After more than a decade of sitting on the sidelines, I heard from a friend who came out of retirement to take on a part-time job at a new-ish retail store that’s part of the brand portfolio of a major, global company. Her first week of work, and her tales of being back among the working world, confirms a suspicion that started, for me as a contrarian thought, but now seems to be a valid prophecy. One of the major goals of this brand’s digital strategy—perhaps its biggest aspiration—is to get you to come into their store. While digital is a major element of its marketing strategy, my take is e-commerce is a transparent and continuous part of what I observe to be this retailer’s truly converged strategy.
To be specific, the retailer boasts a luminous website with brilliant images and concise descriptions of its wares. While they are obviously more than okay with you clicking to buy, the content marketing approach in the web catalog is aimed at getting you to find the store nearest you and interacting with staff that are expertly trained to upsell. In fact, the retailer wants its customers to walk out their door with no less than three items per visit. Anyone who follows the evolution of digital commerce experiences will agree that one of the biggest challenges is to replicate the finesse required in a face to face sales upsell.
The store boasts web-based kiosks to let out of town shoppers order products that might not be in stock or not available in the appropriate size. Want it shipped to your home—sure. Want it shipped to the store near your home—even better. This carefully woven fabric of continuous commerce points to a future state that replicates a media trend that began decades ago with the dawn of CompuServe, AOL and other relics of the online space—convergence. Convergence is one of those “call it whatever you want it” overhyped, semi urban myths that represents a coordination or uniformity of distinct technology, forces of behaviors. If I’m a betting man, my hunch is commerce may get to convergence long before media reaches such nirvana.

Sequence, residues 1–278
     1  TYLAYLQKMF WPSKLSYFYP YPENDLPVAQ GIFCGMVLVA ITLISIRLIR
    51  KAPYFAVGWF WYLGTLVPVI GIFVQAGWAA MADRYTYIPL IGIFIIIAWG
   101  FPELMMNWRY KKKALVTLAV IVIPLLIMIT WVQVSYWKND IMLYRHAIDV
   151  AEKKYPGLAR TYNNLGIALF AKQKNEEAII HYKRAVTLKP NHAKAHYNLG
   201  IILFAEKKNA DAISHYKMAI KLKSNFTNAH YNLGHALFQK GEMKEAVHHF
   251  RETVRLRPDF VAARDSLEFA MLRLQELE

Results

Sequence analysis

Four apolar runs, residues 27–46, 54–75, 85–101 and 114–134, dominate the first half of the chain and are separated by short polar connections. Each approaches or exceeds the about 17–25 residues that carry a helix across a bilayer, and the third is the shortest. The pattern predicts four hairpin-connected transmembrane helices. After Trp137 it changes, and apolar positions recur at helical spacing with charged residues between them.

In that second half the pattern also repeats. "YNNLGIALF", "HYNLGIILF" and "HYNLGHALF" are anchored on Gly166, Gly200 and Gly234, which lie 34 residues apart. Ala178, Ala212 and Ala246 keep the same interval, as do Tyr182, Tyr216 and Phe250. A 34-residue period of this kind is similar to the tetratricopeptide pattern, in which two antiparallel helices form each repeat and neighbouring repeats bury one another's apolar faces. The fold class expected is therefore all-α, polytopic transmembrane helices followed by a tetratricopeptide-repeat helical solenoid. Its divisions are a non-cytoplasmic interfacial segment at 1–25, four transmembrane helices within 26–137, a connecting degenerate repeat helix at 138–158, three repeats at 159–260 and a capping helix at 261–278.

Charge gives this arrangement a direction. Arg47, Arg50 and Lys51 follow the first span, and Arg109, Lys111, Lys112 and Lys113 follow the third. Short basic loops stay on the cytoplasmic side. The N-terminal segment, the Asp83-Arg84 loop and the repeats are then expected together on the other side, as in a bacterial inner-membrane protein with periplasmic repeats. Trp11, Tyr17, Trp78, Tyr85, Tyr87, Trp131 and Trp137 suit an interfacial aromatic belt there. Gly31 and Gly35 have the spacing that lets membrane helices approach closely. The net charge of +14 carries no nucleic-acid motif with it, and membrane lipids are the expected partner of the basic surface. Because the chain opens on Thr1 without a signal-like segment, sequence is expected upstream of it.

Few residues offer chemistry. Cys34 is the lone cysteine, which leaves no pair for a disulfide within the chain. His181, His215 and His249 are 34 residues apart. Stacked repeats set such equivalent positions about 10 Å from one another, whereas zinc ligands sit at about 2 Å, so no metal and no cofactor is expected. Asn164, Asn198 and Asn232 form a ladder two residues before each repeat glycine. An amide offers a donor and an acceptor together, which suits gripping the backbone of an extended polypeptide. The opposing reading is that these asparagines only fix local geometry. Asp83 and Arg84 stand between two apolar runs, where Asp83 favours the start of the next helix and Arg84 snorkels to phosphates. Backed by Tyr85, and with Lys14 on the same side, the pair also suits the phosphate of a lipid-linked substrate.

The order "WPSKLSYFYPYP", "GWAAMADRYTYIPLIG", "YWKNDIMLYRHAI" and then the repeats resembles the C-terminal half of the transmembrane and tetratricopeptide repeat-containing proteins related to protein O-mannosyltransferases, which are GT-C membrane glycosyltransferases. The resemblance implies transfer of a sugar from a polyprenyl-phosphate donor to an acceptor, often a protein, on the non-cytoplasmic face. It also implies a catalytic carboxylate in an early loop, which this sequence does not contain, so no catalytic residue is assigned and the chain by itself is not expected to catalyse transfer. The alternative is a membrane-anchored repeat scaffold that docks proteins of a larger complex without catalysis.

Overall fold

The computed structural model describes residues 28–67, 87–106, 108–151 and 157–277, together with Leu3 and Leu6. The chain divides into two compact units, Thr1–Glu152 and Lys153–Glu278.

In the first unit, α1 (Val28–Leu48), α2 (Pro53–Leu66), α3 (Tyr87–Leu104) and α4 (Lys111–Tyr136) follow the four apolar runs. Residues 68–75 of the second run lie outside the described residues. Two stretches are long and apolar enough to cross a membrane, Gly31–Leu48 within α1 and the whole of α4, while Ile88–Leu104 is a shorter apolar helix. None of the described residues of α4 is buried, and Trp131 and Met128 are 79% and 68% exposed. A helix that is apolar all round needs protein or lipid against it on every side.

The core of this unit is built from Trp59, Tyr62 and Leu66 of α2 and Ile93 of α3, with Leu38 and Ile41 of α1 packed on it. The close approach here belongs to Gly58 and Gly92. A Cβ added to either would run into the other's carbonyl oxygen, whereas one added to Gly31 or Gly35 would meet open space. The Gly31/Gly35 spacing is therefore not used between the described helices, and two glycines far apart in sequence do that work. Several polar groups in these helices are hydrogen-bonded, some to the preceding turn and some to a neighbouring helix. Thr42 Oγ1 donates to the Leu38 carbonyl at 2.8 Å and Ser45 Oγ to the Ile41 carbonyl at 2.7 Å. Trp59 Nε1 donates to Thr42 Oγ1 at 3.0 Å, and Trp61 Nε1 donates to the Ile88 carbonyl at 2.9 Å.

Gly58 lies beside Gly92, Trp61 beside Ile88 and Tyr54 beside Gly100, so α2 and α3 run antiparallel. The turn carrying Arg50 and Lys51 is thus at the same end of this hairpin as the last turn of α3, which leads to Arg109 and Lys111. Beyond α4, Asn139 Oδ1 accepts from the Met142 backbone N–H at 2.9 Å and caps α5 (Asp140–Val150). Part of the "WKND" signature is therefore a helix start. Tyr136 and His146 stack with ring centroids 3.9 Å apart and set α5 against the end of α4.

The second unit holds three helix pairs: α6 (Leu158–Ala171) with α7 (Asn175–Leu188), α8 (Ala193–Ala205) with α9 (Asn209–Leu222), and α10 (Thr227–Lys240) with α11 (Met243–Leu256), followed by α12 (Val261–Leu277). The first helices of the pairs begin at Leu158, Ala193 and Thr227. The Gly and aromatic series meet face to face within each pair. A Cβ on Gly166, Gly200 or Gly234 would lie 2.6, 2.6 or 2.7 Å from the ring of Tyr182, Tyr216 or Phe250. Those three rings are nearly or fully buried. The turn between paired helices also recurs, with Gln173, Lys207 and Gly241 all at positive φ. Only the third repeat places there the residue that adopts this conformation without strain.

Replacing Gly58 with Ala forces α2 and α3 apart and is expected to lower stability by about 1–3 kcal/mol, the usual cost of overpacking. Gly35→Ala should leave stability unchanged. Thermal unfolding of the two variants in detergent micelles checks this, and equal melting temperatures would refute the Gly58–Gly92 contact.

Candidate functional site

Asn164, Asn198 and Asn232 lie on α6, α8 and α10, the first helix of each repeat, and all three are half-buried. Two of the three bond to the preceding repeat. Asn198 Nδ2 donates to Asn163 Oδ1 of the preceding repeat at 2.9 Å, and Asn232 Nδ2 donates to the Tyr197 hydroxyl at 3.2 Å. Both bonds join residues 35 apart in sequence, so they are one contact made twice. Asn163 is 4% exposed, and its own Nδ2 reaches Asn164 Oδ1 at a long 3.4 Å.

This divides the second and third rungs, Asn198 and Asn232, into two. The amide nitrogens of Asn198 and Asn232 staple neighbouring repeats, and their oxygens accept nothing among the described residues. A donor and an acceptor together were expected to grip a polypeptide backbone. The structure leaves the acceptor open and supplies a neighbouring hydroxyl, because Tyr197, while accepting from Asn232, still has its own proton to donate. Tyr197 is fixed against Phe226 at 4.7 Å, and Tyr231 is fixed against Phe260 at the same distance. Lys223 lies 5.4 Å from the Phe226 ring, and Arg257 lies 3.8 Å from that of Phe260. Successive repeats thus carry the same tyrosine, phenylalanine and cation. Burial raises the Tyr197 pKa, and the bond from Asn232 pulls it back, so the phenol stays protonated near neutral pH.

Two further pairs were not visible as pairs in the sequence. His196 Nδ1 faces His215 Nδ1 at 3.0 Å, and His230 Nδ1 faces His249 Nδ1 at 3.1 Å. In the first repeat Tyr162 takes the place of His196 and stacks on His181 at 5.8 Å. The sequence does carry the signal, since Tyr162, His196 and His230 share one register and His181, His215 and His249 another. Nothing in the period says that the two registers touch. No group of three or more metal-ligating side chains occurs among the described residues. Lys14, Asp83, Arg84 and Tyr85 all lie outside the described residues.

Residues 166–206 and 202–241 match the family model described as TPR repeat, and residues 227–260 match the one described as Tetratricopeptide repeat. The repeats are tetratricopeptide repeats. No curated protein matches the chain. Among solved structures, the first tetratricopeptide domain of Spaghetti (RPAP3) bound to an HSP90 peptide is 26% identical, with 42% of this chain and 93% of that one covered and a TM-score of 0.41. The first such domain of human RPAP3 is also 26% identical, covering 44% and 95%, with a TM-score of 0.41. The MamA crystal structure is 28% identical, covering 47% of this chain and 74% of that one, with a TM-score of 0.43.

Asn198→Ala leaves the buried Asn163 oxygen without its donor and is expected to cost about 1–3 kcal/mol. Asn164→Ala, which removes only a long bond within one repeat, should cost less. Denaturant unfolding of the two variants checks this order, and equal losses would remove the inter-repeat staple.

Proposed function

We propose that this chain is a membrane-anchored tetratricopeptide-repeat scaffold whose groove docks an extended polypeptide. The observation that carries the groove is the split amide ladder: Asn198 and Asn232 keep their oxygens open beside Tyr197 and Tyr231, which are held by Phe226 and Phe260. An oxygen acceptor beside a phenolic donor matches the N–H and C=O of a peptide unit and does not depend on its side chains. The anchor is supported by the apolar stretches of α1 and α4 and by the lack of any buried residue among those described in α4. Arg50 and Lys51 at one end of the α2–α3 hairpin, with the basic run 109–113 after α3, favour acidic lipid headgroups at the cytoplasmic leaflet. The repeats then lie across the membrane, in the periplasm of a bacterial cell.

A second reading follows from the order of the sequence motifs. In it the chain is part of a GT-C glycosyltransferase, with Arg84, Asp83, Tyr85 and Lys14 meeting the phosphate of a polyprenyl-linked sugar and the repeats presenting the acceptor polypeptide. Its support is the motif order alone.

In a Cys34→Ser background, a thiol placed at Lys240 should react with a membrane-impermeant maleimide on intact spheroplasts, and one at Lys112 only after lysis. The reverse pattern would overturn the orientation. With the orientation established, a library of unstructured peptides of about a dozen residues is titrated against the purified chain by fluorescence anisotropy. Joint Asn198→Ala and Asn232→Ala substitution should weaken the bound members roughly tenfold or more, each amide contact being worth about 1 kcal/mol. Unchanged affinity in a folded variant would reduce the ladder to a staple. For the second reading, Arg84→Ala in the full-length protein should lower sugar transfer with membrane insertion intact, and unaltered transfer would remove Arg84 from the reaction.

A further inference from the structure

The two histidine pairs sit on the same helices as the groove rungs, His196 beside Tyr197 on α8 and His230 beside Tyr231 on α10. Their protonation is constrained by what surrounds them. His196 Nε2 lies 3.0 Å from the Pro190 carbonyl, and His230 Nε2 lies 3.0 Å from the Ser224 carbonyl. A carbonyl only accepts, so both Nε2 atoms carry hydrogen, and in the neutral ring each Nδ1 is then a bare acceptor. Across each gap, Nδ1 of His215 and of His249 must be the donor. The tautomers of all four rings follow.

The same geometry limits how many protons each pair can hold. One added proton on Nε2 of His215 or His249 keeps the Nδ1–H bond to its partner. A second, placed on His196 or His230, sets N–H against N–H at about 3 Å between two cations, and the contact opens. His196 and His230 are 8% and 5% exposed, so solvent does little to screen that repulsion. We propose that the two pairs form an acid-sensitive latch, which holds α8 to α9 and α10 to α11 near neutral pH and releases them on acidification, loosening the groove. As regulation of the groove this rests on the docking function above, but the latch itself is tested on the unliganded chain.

Certainly, a blog post is only suitable to start the ball rolling on reflecting on the power of commerce convergence. Such a school of thought should include the digital marketer’s perceptive on the strategy of developing and executing a highly transplant, ubiquitous experience as well as the view though the shopper’s lens which is based on a frictionless journey in which a buying opportunity morphs to suit time, place, personal preferences and technology.
Lastly, I am a big fan of the social aspect of shopping and how it may start with a Facebook Like but also must include physical retail contact with trained staff and in-store technology. As someone who owned a retail business, taking a page from the playbook of e-commerce champions—such as minimizing infrastructure costs– can be a vital part of a successful bricks and mortar channel. I subscribe to the “if it ain’t broke, don’t fix it” school of business, but in the case of commerce, we’re in a period of building, so breaking the rules is not only permissible, it’s a good idea. Think about how convergence will affect your commerce plans and break a few rules while you’re at it.